Author: Piero Soave and Wesley Issey Romain - AI, Cyber Security & Space Team

The year 2024 is sure to be remembered when it comes to elections: first, never before have so many people around the world been called to cast their vote; second, these elections will be the first to take place in a world of widespread Generative Artificial Intelligence (GenAI). The combined impact of these two elements is likely to have a lasting impact on democracy. This article looks at how GenAI can influence the outcome of elections, reviews examples of risks from recent elections, and investigates possible mitigations.

The year of high-stakes elections

In over 70 elections throughout 2024, some 800mn voters will take to the ballots in India, 400mn in Europe, 200mn in the United States of America, and many more across Indonesia, Mexico, and South Africa1. In many cases, these elections will be polarized and will feature candidates from populist backgrounds. Previous electoral rounds have scarcely been an example of moderation, featuring instead accusations of foreign interference, and a deadly assault on the US Congress. Whoever wins the most votes will make decisions on topics as consequential as the US-EU relationships, the future of NATO, trade wars, the geopolitical equilibrium in the Middle East, Hindu-Muslim relationships, and more. With so much at stake, the risk of election interference warrants a closer look.

Enter GenAI

The launch of OpenAI’s ChatGPT at the end of 2022 brought GenAI to the mainstream. GenAI indicates an AI system that has the ability to create content in the form of text, audio or video. Having been popularized by ChatGPT, there are now thousands of applications readily available at minimal to no cost. These systems have been trained on billions of elements of text, sound or video, and are able to respond to a user query and create synthetic content in those formats. 

The existing legal and regulatory frameworks are poorly suited to mitigate the risks deriving from GenAI. Since the launch of ChatGPT, there have already been lawsuits related to intellectual property2, sanctions to corner-cutting lawyers3, egregious reinterpretations of historical facts4, as well as general concern about the bias inherent in these systems5. One specific problem related to GenAI is that of deepfakes, i.e. audio or video files that show people saying or doing things they never in fact said or did. This content is so realistic that it is all but impossible to determine whether what is in front of us is reality, or an artificial creation. The consequences are far-ranging, from the potential increase in financial and other fraud6, to the infringement of privacy and individual rights7. But it is in the domain of politics that deepfakes are particularly troubling. They can be used for a variety of bad purposes, from misleading voters about where, when and how they can vote, to spreading fake content from well recognizable public figures, to generating inflammatory messages that lead to violence8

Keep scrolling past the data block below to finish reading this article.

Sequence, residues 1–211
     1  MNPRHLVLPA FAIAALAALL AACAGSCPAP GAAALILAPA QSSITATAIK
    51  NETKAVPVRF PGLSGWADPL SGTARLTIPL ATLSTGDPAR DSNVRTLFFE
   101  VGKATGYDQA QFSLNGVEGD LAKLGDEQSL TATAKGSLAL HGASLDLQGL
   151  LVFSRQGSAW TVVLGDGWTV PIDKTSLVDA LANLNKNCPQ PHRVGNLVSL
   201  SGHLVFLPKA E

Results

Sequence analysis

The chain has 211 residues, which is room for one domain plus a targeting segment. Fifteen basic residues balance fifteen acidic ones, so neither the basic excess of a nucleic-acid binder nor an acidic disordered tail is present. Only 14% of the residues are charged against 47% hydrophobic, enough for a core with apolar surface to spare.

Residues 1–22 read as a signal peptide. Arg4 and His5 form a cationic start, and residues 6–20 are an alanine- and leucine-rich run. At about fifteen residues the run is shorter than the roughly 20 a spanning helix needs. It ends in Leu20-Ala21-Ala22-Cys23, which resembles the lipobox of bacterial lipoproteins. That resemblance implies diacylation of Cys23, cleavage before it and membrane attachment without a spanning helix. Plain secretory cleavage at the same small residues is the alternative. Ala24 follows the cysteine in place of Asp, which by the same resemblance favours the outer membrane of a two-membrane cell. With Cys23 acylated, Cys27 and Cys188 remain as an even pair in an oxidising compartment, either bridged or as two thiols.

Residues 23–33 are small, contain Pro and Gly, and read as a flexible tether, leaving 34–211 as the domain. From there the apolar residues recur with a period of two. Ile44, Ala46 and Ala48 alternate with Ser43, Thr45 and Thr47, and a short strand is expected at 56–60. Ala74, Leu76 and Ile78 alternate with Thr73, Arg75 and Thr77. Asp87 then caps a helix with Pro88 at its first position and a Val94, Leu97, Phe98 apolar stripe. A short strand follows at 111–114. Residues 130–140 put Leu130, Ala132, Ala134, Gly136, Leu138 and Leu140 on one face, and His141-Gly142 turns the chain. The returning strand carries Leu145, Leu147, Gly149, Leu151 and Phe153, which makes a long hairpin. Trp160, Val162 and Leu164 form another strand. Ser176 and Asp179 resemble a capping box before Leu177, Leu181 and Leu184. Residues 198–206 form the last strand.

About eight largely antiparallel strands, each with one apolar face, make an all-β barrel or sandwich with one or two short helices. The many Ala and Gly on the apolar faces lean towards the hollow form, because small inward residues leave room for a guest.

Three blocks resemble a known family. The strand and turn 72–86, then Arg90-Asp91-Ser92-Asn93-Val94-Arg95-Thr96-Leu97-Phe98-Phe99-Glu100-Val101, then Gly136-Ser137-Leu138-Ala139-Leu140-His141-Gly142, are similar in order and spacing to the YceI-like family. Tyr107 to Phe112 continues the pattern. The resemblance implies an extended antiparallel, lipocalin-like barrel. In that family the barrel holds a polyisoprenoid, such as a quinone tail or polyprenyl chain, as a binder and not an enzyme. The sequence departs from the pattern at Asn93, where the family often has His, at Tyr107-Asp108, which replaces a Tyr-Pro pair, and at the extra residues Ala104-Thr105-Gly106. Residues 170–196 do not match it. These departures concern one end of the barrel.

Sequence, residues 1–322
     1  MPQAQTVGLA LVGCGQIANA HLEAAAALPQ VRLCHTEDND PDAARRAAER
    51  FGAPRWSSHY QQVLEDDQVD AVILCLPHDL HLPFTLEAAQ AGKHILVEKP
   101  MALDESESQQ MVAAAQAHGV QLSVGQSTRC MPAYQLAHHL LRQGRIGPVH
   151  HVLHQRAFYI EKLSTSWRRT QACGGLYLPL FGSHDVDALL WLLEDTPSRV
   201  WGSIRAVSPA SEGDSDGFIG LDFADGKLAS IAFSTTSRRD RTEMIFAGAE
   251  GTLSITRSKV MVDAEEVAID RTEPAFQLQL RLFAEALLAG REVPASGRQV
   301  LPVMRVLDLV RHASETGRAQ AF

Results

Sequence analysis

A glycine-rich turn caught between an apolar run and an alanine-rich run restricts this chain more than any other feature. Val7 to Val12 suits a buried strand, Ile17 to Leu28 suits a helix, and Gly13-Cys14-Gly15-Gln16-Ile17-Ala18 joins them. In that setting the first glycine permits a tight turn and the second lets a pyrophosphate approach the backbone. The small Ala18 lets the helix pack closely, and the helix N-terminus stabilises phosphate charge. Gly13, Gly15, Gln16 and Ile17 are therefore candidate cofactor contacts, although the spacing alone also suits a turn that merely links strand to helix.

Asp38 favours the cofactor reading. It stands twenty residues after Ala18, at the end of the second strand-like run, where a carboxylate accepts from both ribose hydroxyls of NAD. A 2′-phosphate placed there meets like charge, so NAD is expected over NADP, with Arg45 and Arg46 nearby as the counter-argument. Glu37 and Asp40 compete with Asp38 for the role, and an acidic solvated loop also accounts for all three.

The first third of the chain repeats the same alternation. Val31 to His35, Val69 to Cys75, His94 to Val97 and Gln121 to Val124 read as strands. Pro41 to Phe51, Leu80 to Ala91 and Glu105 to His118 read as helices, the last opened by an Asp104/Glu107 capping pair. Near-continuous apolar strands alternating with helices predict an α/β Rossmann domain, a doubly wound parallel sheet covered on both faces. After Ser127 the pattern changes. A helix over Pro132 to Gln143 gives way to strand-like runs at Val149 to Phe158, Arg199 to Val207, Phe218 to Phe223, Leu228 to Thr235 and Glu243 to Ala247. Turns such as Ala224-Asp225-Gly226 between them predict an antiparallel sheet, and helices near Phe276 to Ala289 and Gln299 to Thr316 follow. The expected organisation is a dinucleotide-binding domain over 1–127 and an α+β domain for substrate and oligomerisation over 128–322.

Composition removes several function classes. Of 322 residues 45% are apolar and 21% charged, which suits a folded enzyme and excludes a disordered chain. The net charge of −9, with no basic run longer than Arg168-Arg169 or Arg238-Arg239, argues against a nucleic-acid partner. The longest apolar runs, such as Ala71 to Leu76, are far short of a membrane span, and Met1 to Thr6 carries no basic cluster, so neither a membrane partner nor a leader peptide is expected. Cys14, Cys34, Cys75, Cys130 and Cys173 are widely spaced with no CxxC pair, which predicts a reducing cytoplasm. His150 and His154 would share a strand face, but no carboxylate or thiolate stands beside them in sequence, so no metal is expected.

GenAI and misinformation in elections

Misinformation is not a new phenomenon, and it certainly is older than artificial intelligence. However, technology can exacerbate and multiply its effects. By some accounts, “25% of tweets spread during the 2016 US presidential elections were fake or misleading”9. GenAI has the potential to turbocharge the creation of fake content, as this no longer requires sophisticated tools and expertise - anyone with an internet connection could do it. 

Examples of deepfake interference in the political process abound10, despite the relative young age of the technology. In what is perhaps the most consequential event to date, Gabon’s President Ali Bongo appeared in a 2019 video in good health, despite having recently suffered a stroke. The media started questioning the veracity of the video - which is still being debated - ultimately triggering an attempted coup11. Crucially, Schiff et al suggest that “the mere existence of deepfakes may allow for plausible claims of misinformation and lead to significant social and political harms, even when the authenticity of the content is disputed or disproved”12.

During Argentina’s 2023 presidential elections, both camps made extensive use of AI generated content. Ads featured clearly fake propaganda images of candidates as movie heroes, dystopian villains or zombies. In an actual deepfake video - labeled as AI generated - “Mr Milei explains how a market for human organs would work, something he has said philosophically fits in with his libertarian views”13. Also in 2023, synthetic content featured in mayoral elections14 in Toronto and Chicago, the Republican primaries in the US, Slovakia’s parliamentary elections - all the way to New Zealand15.

In the run-up to general elections in India, the Congress party shared a deepfake video of a Bharat Rashtra Samiti leader calling to vote for Congress. The video was shared on social media and messaging apps as voters went to the ballot, and was viewed over 500,000 times before the opposing campaign could contain the damage. AI is being widely used in India to create holograms of candidates, and translate speeches across multiple local languages - as well as for less ethical and transparent objectives16.